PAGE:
Shelach: Virtu(e)al Happiness

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Are the behavioral constraints of Torah compatible with American ideals of freedom? 


This week’s Torah portion, Shelach-Lekah, states: 


וּזְכַרְתֶּם֙ אֶת־כָּל־מִצְוֹ֣ת יְהוָ֔ה וַעֲשִׂיתֶ֖ם אֹתָ֑ם וְלֹֽא־תָתֻ֜רוּ אַחֲרֵ֤י לְבַבְכֶם֙ וְאַחֲרֵ֣י עֵֽינֵיכֶ֔ם אֲשֶׁר־אַתֶּ֥ם זֹנִ֖ים אַחֲרֵיהֶֽם׃

“… recall all the commandments of the LORD, and observe them; so that you do not follow your heart and eyes in your lustful urges. (Numbers 15:39, JPS translation).


This seems to be a commandment prohibiting, or certainly curtailing, what, according to the American Declaration of Independence, are two God-endowed unalienable rights: liberty and the pursuit of happiness.  


America’s foundational values as described in the Declaration thus seem to differ markedly from Jewish values described in the Torah.  America’s preeminent value is individual freedom, through which one may apparently pursue one’s own brand of happiness, whatever that may be, so long as not illegal.  


Judaism’s preeminent value is entirely different: holiness, i.e., doing “the right and the good.” (Deuteronomy 6:18).  Moreover, for Judaism, acting morally is an obligation, not a choice.  


It may seem difficult to reconcile these radically different primary values … the freedom to pursue happiness vs. the obligation to act morally.  


But did the American Founders really mean that liberty and the freedom to pursue one’s own idea of happiness vitiates any obligation to act virtuously?  


Consider these representative statements[1]


George Washington: “Virtue or morality is a necessary spring of popular government.”


Benjamin Franklin: “Only a virtuous people are capable of freedom.”


James Madison: “To suppose that any form of government will secure liberty or happiness without any virtue in the people, is a chimerical [imaginary] idea.”


Thomas Jefferson: “No government can continue good but under the control of the people; and... their minds are to be informed by education what is right and what wrong; to be encouraged in habits of virtue and to be deterred from those of vice...These are the inculcations necessary to render a people a sure basis for the structure and order of government.”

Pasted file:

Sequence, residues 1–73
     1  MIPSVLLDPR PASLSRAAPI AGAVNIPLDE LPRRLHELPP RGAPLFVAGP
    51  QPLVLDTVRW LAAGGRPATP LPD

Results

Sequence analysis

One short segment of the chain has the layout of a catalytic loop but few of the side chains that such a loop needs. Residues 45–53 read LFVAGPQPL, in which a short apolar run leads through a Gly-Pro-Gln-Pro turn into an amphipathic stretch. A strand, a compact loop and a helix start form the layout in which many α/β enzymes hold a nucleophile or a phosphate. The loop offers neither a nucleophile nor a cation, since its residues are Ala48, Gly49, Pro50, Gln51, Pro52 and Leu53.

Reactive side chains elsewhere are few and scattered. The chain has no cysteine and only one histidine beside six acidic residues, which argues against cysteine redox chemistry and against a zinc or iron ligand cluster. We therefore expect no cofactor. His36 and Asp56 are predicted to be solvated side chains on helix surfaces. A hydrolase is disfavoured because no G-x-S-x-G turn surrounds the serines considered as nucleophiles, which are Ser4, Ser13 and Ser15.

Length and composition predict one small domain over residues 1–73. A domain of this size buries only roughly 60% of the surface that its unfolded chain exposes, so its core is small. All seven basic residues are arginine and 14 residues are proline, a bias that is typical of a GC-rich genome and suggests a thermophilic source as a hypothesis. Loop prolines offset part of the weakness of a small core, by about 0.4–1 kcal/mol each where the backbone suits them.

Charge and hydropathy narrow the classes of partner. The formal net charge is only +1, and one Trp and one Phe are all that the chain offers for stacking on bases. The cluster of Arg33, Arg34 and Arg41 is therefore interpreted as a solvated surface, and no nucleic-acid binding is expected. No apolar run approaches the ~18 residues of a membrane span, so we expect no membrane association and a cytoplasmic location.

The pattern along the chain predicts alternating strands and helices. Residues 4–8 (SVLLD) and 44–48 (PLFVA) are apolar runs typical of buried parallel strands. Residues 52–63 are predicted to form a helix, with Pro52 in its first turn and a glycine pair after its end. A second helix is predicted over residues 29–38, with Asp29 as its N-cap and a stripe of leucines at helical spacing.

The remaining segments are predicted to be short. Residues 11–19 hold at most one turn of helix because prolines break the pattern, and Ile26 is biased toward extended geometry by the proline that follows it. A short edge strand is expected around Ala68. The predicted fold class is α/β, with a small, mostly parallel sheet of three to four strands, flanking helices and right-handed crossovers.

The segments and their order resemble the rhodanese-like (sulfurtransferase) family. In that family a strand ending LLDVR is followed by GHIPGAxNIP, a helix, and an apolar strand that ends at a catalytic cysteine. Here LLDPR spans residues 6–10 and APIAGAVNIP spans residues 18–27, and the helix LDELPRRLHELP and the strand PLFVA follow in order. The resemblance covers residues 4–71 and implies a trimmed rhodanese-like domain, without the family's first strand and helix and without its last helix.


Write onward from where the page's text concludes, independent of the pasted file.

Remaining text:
Samuel Adams: “Neither the wisest constitution nor the wisest laws will secure the liberty and happiness of the people whose manners are universally corrupt. He therefore is the truest friend of the liberty of his country who tries most to promote its virtue.”


Patrick Henry: “A vitiated [impure] state of morals, a corrupted public conscience, is incompatible with freedom.” 


John Adams: “We have no government armed with power capable of contending with human passions unbridled by morality and religion. Avarice, ambition, revenge, or gallantry would break the strongest cords of our constitution as a whale goes through a net. Our constitution was made only for a moral and righteous people. It is wholly inadequate to the government of any other.”


The American Founders, then, did not conceive of “liberty and the pursue of happiness” as the freedom to, as the Torah puts it, “follow your heart and eyes.”  Quite the opposite.  The Founders recognized virtue as indispensable to a free society comprised of people pursuing happiness.  Regrettably, most Americans seem unaware of this.  That is perhaps unsurprising, though, given that our political leaders of both parties seldom, if ever, discuss it.  I also wonder whether it is taught to our children and grandchildren in their American history, civics, and similar classes, and to immigrants in citizenship classes.  I’m doubtful, as the importance of virtue to the American Founders was not impressed upon me until graduate school. 


Washington, Jefferson, Adams and other political leaders of their generation recognized that morality must be cultivated and striven for.  Judaism’s highest value is to create and cultivate morality.  Thus, Jewish values and – when correctly understood, American values – do not conflict. 


Freedom and happiness are not goals in and of themselves, but rather are outcomes only attainable through our individual and collective choices to do the right and the good.   Following our hearts and minds – emphasizing our “rights” and not our responsibilities to others -- may be ego gratifying and superficially enjoyable, but they bring neither true freedom nor happiness.   


For these, we should heed Proverbs 4:23-27:


More than all that you guard, guard your heart, 

For it is the source of life. 

Put crooked speech away from you; 

Keep devious talk far from you. 

Let your eyes look forward, 

Your gaze be straight ahead. 

Survey the course you take, 

And all your ways will prosper. 

Do not swerve to the right or the left; 

Keep your feet from evil.  (JPS translation).  


The American Founders and the Torah agree: The pursuit of happiness necessitates, and, in fact is, the pursuit of holiness.  



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He who guards his mouth preserves his life
Proverbs 13:3